LAS VEGAS (Reuters) – Broad-based support across age, racial and ideological groups propelled Bernie Sanders to a dominant victory in Nevada’s Democratic caucuses, tightening his grip on the front-runner spot in the race to find a challenger to President Donald Trump.
Joe Biden, a former vice president, appeared headed to a badly needed second-place finish in Nevada after poor showings earlier this month in the first two nominating contests in the Democratic presidential race ahead of the Nov. 3 election.
Sanders’ triumph on Saturday in the first racially diverse state in the campaign suggested he was reaching a broader coalition of Democratic voters with his unapologetic message of social and economic justice, including his signature pledge to provide universal healthcare for all Americans.
For Biden and other moderates who argue Sanders is too liberal to beat Trump and who have been trying to blunt his momentum, however, the Nevada results made the job much harder.
“We have put together a multi-generational, multiracial coalition that is going to not only win in Nevada, it’s going to sweep the country,” Sanders, a U.S. senator from Vermont and self-described democratic socialist, told cheering supporters in San Antonio, Texas.
He then turned his attention to Trump.
“We are going to win across the country because the American people are sick and tired of a president who lies all of the time,” he said.
Trump speaking to reporters at the White House as he departed for a trip to India said Nevada was a “great win” for Sanders, adding that he did not care who his opponent would be.
By Sunday morning, with 50% of the precincts reporting, Sanders had 47% of the county convention delegates in Nevada. Biden was a distant second to Sanders with 19%, but ahead of former mayor of South Bend, Indiana, Pete Buttigieg, in third place with 15%.
“The press is ready to declare people dead quickly, but we’re alive and we’re coming back and we’re gonna win,” Biden told supporters in Las Vegas on Saturday night.
In a prerecorded interview set to air on Sunday on CBS’s “Face the Nation”, Biden said he was confident he could win the next contest on Saturday in South Carolina with support from African-Americans, according to a transcript.
Senator Elizabeth Warren, who had been looking to jump-start her campaign after poor finishes in Iowa and New Hampshire, trailed in a disappointing fourth place with 10% in Nevada. Senator Amy Klobuchar and activist billionaire Tom Steyer were well back at 5% and 4%, respectively.
Buttigieg cautioned Democrats about nominating Sanders, portraying him as an ideologue who would divide the country and lose to Trump.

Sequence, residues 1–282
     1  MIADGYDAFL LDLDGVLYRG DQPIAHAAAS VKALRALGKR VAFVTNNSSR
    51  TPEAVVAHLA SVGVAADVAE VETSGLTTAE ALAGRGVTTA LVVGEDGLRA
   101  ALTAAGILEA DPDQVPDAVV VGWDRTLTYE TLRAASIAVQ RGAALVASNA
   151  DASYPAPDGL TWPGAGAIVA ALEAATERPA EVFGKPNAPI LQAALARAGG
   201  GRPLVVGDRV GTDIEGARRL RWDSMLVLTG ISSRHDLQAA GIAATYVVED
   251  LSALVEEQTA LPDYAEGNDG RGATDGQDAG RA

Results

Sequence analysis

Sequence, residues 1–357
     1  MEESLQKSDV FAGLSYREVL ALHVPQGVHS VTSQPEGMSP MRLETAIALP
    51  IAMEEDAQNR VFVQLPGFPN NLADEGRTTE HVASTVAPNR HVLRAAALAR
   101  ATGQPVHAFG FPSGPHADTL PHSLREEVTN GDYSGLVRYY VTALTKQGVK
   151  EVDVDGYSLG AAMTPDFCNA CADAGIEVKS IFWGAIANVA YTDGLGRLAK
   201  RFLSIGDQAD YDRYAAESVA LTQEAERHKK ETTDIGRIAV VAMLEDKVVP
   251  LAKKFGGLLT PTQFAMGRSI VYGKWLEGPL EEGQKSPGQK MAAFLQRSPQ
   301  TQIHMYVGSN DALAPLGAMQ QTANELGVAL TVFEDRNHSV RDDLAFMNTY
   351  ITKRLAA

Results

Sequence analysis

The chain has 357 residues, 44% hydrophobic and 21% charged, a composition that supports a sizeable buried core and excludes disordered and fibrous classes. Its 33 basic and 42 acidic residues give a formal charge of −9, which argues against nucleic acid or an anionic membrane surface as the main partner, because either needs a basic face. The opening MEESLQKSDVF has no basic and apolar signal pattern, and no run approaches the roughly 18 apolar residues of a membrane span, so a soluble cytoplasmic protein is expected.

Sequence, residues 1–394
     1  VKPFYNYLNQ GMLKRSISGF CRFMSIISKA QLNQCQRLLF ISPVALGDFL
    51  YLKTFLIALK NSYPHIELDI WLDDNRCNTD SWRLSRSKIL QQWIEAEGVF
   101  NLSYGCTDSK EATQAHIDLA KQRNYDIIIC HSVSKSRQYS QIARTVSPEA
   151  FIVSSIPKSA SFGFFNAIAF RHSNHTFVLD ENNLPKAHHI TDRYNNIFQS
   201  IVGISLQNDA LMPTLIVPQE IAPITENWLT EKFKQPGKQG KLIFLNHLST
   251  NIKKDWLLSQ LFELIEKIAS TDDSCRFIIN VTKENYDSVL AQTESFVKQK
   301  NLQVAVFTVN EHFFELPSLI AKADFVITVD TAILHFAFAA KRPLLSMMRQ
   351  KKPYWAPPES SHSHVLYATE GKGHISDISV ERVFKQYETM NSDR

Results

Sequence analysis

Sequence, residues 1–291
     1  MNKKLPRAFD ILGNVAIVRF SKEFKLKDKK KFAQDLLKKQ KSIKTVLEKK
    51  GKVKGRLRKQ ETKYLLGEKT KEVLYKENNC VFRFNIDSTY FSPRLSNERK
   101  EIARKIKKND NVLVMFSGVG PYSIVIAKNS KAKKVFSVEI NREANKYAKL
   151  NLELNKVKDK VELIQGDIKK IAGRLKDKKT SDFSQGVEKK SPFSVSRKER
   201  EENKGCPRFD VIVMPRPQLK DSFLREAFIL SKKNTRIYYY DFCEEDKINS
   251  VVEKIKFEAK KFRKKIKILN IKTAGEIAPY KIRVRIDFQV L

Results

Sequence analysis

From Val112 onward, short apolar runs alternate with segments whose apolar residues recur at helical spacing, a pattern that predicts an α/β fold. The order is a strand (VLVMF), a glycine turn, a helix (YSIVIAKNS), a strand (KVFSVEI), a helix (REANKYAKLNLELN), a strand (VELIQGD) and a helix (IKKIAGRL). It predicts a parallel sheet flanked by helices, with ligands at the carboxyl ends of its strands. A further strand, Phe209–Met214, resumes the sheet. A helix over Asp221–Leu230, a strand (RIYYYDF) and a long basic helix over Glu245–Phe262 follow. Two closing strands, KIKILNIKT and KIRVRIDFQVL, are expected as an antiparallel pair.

“We can either tighten a narrow and hardcore base or open the tent to a new, broad, big-hearted American coalition,” Buttigieg told supporters in Las Vegas.
The race now begins to broaden across the country, with the South Carolina primary followed closely by the Super Tuesday contests in 14 states on March 3 that pick more than one-third of the pledged delegates who will help select a Democratic nominee.
Biden, vice president under former President Barack Obama, is counting on a strong showing in South Carolina, which has a large bloc of black voters. In Nevada, entrance polls showed Biden led among African Americans with 36%, followed by Sanders with 27%.
Speaking on NBC’s “Meet the Press”, U.S. Representative James Clyburn from South Carolina, the highest-ranking black lawmaker in Congress, said he thought Biden was set to get more support from African Americans than Sanders at the moment, but that a debate on Tuesday night would be a factor.
Clyburn said he would wait until after the debate to endorse a candidate.
The Super Tuesday states will be the first nominating contests for former New York Mayor Michael Bloomberg, who has not been competing in the four early voting states but had been rising in opinion polls.
Sanders was aided by strong support from the six in 10 voters who said they backed a government-run Medicare for All, the Edison entrance poll showed.
The entrance poll showed Sanders led in Nevada across all age groups except for those older than 65. Around 54% of Latino voters said they backed him, while 24% of college-educated white women and 34% of those who have a union member in their families supported him.
He also won with college graduates, and was the top pick of voters who consider themselves independents. He also was favored over Biden among voters whose top priority is defeating Trump in the November election.
Warren shrugged off her poor finish in Nevada, saying she got a boost in fundraising and support from an aggressive debate performance on Wednesday – which came too late to affect early voting in the first part of the week.
“We have a lot of states to go, and right now I can feel the momentum,” Warren said at a rally in Seattle.
Nevada caucus officials and voters at multiple sites on Saturday reported voting rules confusion, calculation glitches and delays in reporting tallies – despite efforts to avoid the issues that plagued Iowa’s caucuses earlier this month.
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